Last week the US dollar gained ground against all the major group of currencies. The worst performer against the greenback was the British Pound: GbpUsd lost 340 pips at 1.4133(-2.35% weekly) as traders are incrementing their short positions on the pair in a strategy that would see a messy Brexit from the EU. Bank of England Governor Mark Carney stated that the BoE will support with liquidity the banking system in case of funding stress. When unknown consequences will be triggered by a known catalyst, in this case a referendum that mirrors high level of democracy in UK but opacity regarding the future, traders are discounting different scenarios. The implied volatility of GBP FX options soared far beyond the level reached during last year general elections, thus the financial community in its aggregate is ready to pay an high price to protect its British Pound positions. Mixed macro data with UK CPI monthly that was half the consensus increased the expectation of a prolonged dovish monetary policy; Retail Sale data however was above the estimates. The fact that UK Prime Minister reached an agreement with the EU last month, and was satisfied with the result, was not enough as will be UK citizens to decide. Quite the opposite of what happened in Greece last summer, with a referendum that said no to the conditions of the bailout but then the Greek prime minister signed the deal (Varoufakis, former Finance Minister then resigned). As the news flow regarding different scenario will increase, GBP traders will adjust their strategies accordingly. The Loonie dollar lost ground as well against the Greenback, but It seemed more profit taking on short UsdCad positions than a short term trend inversion. UsdCad rose 258 pips to 1.3261 ( 1.95% weekly) after it dropped for nine consecutive weeks. Oceanic currencies performance followed the performance of the Canadian dollar with NzdUsd at 0.6680 (-1.56% weekly) and AudUsd at 0.7501 (-1.25% weekly), with a loss in pips of 106 for the former and 95 for the latter.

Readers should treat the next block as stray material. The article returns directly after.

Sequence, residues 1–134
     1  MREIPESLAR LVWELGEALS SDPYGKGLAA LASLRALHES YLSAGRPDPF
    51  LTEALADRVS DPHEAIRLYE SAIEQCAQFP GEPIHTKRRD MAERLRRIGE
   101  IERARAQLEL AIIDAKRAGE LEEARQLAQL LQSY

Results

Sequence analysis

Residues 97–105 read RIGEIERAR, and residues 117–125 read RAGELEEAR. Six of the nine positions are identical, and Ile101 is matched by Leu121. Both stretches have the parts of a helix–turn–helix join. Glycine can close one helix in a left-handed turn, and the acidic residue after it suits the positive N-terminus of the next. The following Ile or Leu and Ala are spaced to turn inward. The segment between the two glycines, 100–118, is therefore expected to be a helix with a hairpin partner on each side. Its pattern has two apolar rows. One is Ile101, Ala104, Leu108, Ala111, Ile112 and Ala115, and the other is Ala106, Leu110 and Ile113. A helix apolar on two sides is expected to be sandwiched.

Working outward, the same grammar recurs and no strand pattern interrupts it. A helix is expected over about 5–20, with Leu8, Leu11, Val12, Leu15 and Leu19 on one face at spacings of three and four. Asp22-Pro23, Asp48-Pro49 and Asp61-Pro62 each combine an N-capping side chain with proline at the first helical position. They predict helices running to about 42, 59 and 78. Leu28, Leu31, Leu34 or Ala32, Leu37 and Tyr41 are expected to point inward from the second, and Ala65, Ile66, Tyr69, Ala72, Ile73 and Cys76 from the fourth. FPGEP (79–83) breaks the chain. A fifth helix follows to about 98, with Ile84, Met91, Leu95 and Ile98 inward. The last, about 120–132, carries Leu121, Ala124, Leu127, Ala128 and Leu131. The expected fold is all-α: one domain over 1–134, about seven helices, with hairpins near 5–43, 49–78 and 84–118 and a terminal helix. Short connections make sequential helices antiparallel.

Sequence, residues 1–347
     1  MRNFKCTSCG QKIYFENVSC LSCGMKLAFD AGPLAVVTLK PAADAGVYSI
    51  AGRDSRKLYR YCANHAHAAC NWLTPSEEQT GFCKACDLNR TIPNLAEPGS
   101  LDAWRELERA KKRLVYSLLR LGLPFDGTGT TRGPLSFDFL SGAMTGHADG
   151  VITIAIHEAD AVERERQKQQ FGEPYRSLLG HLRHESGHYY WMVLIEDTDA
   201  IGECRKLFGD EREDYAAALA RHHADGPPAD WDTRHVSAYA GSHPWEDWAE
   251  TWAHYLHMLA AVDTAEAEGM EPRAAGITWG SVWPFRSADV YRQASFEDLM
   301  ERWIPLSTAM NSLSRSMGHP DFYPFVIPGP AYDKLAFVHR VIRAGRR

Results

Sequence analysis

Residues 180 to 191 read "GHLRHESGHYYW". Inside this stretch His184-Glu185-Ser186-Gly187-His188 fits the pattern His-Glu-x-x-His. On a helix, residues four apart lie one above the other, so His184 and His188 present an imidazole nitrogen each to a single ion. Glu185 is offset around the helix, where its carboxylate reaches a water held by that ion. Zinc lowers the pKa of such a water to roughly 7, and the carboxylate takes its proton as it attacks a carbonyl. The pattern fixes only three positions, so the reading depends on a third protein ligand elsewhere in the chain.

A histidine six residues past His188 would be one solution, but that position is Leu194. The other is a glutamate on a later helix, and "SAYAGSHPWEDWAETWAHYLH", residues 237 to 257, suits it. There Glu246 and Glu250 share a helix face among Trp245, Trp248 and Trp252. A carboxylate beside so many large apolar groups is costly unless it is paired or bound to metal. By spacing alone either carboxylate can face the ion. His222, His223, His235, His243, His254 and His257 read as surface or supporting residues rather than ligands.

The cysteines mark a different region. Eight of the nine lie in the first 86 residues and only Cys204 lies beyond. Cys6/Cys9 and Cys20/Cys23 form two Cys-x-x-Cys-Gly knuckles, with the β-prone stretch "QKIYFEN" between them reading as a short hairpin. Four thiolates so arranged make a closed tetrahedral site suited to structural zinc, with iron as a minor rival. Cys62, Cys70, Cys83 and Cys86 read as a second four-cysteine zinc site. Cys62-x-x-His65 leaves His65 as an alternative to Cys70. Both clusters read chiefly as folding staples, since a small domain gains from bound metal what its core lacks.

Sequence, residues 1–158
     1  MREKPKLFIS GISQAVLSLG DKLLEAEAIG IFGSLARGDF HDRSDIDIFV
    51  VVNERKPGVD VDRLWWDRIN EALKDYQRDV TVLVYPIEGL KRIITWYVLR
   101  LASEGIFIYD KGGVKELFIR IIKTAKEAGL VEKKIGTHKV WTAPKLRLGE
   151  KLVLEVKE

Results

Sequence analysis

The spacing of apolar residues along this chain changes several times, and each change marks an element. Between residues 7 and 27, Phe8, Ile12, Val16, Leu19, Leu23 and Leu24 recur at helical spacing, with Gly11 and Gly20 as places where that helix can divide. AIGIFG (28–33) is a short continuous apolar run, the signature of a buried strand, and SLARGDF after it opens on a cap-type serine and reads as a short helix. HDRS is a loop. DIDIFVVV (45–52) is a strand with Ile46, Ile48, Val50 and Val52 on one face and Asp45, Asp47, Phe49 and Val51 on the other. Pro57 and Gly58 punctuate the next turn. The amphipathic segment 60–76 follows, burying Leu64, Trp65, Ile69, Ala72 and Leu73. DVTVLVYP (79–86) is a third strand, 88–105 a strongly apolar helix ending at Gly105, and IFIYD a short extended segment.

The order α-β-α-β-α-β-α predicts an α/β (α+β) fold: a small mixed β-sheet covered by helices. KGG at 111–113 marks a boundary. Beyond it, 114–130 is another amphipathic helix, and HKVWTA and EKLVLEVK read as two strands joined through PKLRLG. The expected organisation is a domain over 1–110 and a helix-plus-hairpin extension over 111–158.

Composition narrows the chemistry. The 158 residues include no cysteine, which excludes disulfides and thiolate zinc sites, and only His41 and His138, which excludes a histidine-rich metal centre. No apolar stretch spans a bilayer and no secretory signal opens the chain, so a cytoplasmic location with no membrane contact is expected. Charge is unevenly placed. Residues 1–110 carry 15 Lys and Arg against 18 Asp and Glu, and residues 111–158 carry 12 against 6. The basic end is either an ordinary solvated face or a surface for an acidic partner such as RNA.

UsdJpy rebounded 149 pips, thank to technical buyers as the pair found support on its 2016 low. The rate closed last Friday at 113.03 ( 1.32% weekly). EurUsd lost 107 pips last week at 1.1160 (-0.95% weekly), but it still trading inside its medium term trading range. Swiss Franc slid 68 pips gainst the Greenback and UsdChf closed at 0.9760 ( 0.70% weekly). US Indices closed off their intraweek highs and the S&P500 closed last Thursday at 2,035.94 (-0.36% weekly) but after five consecutive weeks of gains. The multiyear trend on US indices halted as it seems that gauges are developing a trading range, so far proved by the absence of higher highs and higher lows. Crude Oil lost 3.77% weekly at 39.59 $/barrel after 5 consecutive positive weeks and precious metals retraced as well, with Gold down 3% weekly at 1,216.7 $/oz and Silver at 15.2 $/oz (-3.86% weekly). On Monday at 12:30 GMT will be released in US Personal Consumption data followed by Pending Home Sales at 14:00 GMT. On Tuesday the most relevant event will be US Consumer Confidence at 14:00 GMT. On Wednesday will be released in Germany the CPI data and will be interesting to see if the YoY deflationary trend will keep its pace. At 14:30 GMT EIA Crude Oil Stocks Change. On Thursday German Unemployment Rate at 7:55 GMT and then UK Gross Domestic Product at 08:30 GMT. At 09:00 GMT will be the turn of Eurozone CPI, with an YoY expectation at -0.1% versus the former release (-0.2%). The Asian session will start with several Tankan data in Japan at 23:50 GMT and then in China will be released on Friday the Non Manufacturing PMI at 01:00 GMT followed by the Caixin PMI at 01:45 GMT. The European session will start with Swiss Retail Sales data at 07:15 GMT followed by Eurozone Unemployment Rate at 09:00 GMT. At 12:30 GMT the most important data of the day: US Non Farm Payrolls and Unemployment Rate. Jobs data are expected to decrease 37k from the previous month. At 14:00 GMT will be the turn of US ISM Price Paid and Manufacturing PMI. US Total Vehicle Sales will be the last event in the economic calendar.